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Representation of minority communities in art, music, film and TV is as important now as ever

Queer Britain Museum (Credit: Robert Evans / Alamy Stock Photo)

4 min read

Standing in the fabulous LGBT+ museum Queer Britain, surrounded by an array of artifacts which portray key moments in our history, it struck me that the first people of any group, particularly minorities, to make history are exceptional.

For LGBT+ pioneers their distinction often came cloaked in social disapproval, or at times illegality, so celebration of their achievements was neither inevitable nor swift. Not a single LGBT+ figure was celebrated as such in school history lessons. Rather their sexuality, if mentioned at all, was a subject of scorn or derision and the true story of their contribution to science, culture, art and society went unremarked and unvalued. 

In the 50 years following partial decriminalisation dramatists began to tell the stories of some of those firsts. Landmark dramas like The Naked Civil Servant (Quentin Crisp) or An Englishman Abroad (Guy Burgess) painted portraits of flamboyant characters. Unforgettable episodes of soaps Brookside (Beth and Margaret’s kiss in 1994), Eastenders (Colin and Barry’s kiss in 1988 – wonderfully reprised in 2022 by Lord Cashman) helped the public to see that, whilst we might not live next door to them, we were not the curiosities and criminals they had been led to imagine. 

LGBT+ people have always featured in literature and poetry and for many of us books were a lifesaver

Simultaneously, documentary makers delved deeper into the complexities of our real lives. I remember Joan Bakewell’s 1986 programme about Mark Rees, a trans man who became a Liberal Democrat councillor in 1992, and her 1990 programme Falling Out about the consequences of being discharged from the armed forces for being LGBT+.

LGBT+ people have always featured in literature and poetry and for many of us books were a lifesaver. When real life was tough or violent a book was a haven. Some books built bridges. Oh, the joy of discovering Oranges Are Not The Only Fruit and Tales of the City and sharing them with people who were on the same wavelength. 

Still from It's A Sin (Credit: TCD/Prod.DB / Alamy Stock Photo)
Still from It's A Sin (Credit: TCD/Prod.DB / Alamy Stock Photo)

Long before anyone knew the term social media, radio had been conjuring up voices from Julian and Sandy, through to David Bowie and Freddie Mercury, establishing an LGBT+ presence in most homes.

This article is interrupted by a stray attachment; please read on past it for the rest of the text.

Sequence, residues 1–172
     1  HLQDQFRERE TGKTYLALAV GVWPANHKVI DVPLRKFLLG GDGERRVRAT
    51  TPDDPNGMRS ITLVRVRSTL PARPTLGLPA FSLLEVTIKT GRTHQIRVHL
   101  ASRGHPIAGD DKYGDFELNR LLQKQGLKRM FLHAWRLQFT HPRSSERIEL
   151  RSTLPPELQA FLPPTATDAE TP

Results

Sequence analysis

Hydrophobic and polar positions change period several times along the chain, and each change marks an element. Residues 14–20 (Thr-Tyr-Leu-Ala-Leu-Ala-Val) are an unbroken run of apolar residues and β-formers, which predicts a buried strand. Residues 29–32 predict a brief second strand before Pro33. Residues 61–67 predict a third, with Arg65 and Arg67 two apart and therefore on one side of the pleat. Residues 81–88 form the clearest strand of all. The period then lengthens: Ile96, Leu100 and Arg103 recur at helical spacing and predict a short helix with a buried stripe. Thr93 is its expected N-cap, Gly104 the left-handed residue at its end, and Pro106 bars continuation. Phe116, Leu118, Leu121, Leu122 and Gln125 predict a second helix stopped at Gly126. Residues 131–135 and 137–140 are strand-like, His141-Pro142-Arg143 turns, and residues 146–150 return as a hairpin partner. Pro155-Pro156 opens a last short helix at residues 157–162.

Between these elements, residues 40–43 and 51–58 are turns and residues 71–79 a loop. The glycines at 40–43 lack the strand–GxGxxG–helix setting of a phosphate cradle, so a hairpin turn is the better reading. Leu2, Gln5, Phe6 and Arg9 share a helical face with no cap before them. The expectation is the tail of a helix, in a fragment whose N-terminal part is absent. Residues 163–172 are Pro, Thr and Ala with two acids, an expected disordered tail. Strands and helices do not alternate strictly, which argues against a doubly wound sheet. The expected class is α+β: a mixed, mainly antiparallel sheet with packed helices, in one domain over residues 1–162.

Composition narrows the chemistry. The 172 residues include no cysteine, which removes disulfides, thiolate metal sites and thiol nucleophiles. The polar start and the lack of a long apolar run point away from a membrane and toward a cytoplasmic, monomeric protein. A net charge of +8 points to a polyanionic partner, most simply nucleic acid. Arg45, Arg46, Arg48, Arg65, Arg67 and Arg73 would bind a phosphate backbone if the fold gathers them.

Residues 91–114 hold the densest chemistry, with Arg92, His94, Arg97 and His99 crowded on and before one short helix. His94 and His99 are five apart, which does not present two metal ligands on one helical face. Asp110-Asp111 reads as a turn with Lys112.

However it is the power of TV and film to simultaneously educate and entertain which makes it so important for shared culture and understanding. Programmes such as Coming Out in 2015 explained the history of LGBT+ people in Scotland. Just two years ago It’s A Sin enabled younger LGBT+ people to learn about the things which some of us went through 40 years ago which are no longer raw, but still painful. The resilience which came from those experiences is working its way across generations. I am not a fan of drag, but when I listen to young people I begin to understand what it means to them. I live and learn.

When Schools Out founded LGBT+ History Month the main objective was to stop our stories being lost. Today we can celebrate the lives of people who were not the first, or exceptional, just good LGBT+ people getting on with their jobs and enjoying life with family and friends. Moreover now, when our trans and non-binary siblings are under sustained attack, we can and must use the lessons of our history to defeat this attempted destruction of human rights. History shows that, despite all the claims, we were never monsters. We must use that lesson to stop the escalating demonisation of trans people which, if left unchecked, will legitimise further discrimination of other groups. History shows that given time, legal protection and ethical reporting, minorities cease to be feared by outsiders and become equal members of society sharing common values. That is to the benefit of everyone. That is the future.

By Baroness Barker, Liberal Democrat peer

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